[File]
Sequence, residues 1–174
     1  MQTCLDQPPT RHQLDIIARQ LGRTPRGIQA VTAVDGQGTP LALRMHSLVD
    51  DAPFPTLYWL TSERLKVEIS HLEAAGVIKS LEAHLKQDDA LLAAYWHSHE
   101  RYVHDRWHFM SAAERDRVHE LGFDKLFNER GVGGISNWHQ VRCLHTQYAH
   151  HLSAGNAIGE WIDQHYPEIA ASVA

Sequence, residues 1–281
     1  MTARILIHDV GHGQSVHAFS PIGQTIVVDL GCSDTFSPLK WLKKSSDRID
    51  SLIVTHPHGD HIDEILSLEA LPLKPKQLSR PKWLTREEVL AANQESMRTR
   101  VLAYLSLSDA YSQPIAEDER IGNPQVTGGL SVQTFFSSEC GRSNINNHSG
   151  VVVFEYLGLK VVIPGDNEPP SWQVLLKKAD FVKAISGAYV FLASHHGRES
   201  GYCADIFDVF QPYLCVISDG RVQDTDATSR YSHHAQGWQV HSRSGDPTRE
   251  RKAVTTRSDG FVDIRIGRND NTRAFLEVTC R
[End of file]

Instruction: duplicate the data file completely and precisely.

Sequence, residues 1–174
     1  MQTCLDQPPT RHQLDIIARQ LGRTPRGIQA VTAVDGQGTP LALRMHSLVD
    51  DAPFPTLYWL TSERLKVEIS HLEAAGVIKS LEAHLKQDDA LLAAYWHSHE
   101  RYVHDRWHFM SAAERDRVHE LGFDKLFNER GVGGISNWHQ VRCLHTQYAH
   151  HLSAGNAIGE WIDQHYPEIA ASVA

Sequence, residues 1–281
     1  MTARILIHDV GHGQSVHAFS PIGQTIVVDL GCSDTFSPLK WLKKSSDRID
    51  SLIVTHPHGD HIDEILSLEA LPLKPKQLSR PKWLTREEVL AANQESMRTR
   101  VLAYLSLSDA YSQPIAEDER IGNPQVTGGL SVQTFFSSEC GRSNINNHSG
   151  VVVFEYLGLK VVIPGDNEPP SWQVLLKKAD FVKAISGAYV FLASHHGRES
   201  GYCADIFDVF QPYLCVISDG RVQDTDATSR YSHHAQGWQV HSRSGDPTRE
   251  RKAVTTRSDG FVDIRIGRND NTRAFLEVTC R